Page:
Humanity's Need For Energy

Since the dawn of civilization, humanity's level of development has been inextricably linked to the use of energy. All animals consume food to provide the energy needed for metabolism, movement and work, but ours is the only species which uses external energy, other than food, to any significant extent. The process began with the discovery of fire - a process in which the energy contained within organic molecules (primarily in wood) could be converted into heat. This provided the ability to cook food, and thus the ability to use a much wider range of food items. Fire also provided heating which enabled humans to survive in colder climates. The next breakthrough in harnessing energy came with the use of animals such as the donkey as a means of transport and a beast of burden, and oxen to till the soil. Fire was then used in the production of improved tools made of bronze and iron, which transformed the way of life for much of humanity. Machines, such as the wheel, were developed to permit more efficient use of external energy. The pyramids are a monument to the devices which must have been developed to provide mechanical advantage, although the energy used was still primarily manpower. Further harnessing of energy was achieved by the use of streams to turn a wheel, and, in due course, windmills. Wood or charcoal was burnt to produce lime, which permitted the construction of more elaborate buildings. Right up to the time of large-scale use of coal, which led to the Industrial Revolution, humans had only been using renewable energy, supplied by the sun.

Combustion of coal, followed by oil and natural gas, permitted a quantum leap in transportation (and hence trade) and manufacture of a vast range of products, all of which enabled human societies to become more complex, and, for most people at least, to enjoy an enhanced quality of life. Our consumption of energy continues to grow, despite major efforts at increasing efficiency.

Solar energy has thus permitted the development and civilization of the human race but we must not forget that it also facilitates the growth and survival of all forms of life and it drives the global circulation systems. Thus ocean currents, climate, rainfall and all freshwater resources, are dependent on the energy of the sun. Without the sun there would be no fresh water!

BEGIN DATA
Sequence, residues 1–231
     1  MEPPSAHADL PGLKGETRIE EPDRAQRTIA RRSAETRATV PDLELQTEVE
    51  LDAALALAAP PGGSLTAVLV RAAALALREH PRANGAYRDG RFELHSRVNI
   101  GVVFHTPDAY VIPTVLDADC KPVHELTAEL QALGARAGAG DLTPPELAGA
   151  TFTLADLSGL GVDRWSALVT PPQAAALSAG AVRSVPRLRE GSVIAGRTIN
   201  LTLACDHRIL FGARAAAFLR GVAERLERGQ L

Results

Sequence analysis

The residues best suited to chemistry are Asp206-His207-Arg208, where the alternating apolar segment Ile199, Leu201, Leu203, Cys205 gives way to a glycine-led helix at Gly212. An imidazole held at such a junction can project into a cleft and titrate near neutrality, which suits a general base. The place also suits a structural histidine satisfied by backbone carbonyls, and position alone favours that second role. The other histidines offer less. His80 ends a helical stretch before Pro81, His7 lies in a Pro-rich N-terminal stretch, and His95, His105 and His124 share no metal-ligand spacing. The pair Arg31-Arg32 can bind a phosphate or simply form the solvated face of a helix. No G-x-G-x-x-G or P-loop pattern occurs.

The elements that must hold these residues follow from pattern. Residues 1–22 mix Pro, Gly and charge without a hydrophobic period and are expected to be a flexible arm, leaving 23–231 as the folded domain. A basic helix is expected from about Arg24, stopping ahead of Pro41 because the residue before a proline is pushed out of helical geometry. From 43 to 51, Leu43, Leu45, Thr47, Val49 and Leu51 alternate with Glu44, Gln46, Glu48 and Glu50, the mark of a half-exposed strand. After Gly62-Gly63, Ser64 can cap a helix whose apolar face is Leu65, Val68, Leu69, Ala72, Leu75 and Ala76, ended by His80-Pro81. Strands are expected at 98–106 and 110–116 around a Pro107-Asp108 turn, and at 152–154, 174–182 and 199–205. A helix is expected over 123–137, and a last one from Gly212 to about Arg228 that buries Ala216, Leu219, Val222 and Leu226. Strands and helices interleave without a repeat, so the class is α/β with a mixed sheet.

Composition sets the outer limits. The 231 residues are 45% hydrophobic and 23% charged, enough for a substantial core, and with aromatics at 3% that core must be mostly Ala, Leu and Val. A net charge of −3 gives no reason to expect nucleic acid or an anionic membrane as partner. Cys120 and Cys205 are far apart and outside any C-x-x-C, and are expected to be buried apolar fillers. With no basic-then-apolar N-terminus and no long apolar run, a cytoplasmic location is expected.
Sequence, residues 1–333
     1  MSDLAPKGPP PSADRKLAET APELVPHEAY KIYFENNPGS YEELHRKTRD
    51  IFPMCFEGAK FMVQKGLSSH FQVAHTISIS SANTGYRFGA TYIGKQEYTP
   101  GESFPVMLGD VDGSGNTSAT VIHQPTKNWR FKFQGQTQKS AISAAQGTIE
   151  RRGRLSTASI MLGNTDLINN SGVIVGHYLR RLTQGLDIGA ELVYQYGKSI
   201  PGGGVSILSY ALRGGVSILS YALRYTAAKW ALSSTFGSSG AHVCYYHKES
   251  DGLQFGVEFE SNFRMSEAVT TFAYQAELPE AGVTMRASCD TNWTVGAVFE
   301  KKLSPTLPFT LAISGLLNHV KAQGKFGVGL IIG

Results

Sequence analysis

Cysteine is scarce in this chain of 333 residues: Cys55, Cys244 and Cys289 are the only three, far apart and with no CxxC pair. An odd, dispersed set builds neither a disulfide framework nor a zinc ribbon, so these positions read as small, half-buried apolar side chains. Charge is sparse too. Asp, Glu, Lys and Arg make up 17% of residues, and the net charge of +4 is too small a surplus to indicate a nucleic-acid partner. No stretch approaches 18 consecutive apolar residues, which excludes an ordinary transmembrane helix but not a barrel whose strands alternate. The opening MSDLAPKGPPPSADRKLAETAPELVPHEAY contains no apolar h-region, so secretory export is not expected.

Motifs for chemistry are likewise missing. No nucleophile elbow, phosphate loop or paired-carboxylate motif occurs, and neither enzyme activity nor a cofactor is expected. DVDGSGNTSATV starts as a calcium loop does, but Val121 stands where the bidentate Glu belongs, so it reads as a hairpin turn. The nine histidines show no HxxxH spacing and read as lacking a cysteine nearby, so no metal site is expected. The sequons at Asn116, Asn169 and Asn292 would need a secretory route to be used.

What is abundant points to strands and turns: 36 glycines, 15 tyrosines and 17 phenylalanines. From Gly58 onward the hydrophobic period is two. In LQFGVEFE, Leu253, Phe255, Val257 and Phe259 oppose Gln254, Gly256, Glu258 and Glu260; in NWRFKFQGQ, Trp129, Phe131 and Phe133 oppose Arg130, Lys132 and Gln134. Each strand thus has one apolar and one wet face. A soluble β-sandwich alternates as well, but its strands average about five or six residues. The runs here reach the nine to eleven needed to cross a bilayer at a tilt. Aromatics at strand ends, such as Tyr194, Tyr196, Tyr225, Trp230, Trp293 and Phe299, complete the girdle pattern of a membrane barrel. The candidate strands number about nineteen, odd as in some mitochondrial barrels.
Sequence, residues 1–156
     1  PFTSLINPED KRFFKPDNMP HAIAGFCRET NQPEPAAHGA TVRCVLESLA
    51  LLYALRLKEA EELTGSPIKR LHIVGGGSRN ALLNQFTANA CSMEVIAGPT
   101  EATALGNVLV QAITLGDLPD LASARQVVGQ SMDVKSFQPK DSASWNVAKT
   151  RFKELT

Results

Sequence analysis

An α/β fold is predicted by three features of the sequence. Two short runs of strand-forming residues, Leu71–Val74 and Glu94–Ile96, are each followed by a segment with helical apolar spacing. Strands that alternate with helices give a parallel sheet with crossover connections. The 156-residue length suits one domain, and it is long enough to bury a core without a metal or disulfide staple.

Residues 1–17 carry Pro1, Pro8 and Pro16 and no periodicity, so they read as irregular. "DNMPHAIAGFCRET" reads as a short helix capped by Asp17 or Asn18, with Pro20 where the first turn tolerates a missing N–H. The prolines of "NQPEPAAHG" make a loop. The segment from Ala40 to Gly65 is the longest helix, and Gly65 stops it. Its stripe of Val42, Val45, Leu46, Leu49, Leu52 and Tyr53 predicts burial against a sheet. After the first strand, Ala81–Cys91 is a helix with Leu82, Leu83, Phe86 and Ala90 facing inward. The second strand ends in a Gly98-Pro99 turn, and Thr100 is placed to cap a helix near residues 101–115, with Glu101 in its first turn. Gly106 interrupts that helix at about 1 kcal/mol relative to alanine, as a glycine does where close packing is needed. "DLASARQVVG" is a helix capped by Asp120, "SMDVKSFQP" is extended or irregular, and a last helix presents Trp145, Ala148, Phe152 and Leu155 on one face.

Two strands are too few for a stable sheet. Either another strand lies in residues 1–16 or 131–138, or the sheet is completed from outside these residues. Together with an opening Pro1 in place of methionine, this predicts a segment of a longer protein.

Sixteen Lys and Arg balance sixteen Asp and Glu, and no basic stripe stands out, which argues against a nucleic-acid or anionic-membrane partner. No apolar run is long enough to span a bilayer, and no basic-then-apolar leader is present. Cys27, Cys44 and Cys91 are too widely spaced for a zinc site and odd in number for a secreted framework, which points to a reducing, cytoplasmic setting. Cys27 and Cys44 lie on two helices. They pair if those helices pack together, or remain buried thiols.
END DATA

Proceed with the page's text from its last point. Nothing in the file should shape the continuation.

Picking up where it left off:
Thus for most of history, all activity, human and otherwise, was dependent on energy in the form of solar radiation. This can be regarded as solar capital. In relatively recent times humanity has learned to exploit the natural resources of the earth to produce energy, but this is using a legacy which is not being replaced. Coal, oil and natural gas are fossil fuels. For a few centuries they are providing an enormously useful bonus, but the reserves are being depleted and we can only rely on them for a few more generations. Fossil fuels represent a major component of what can be regarded as earth capital. This includes natural resources such as minerals and human resources. These two forms of capital support and sustain all life and all economies on earth.

Thus energy is essential for all human activities, and by harnessing external energy on a massive scale, humans have managed to dominate the earth. Figure 1 indicates the range of human activities, driven by energy.

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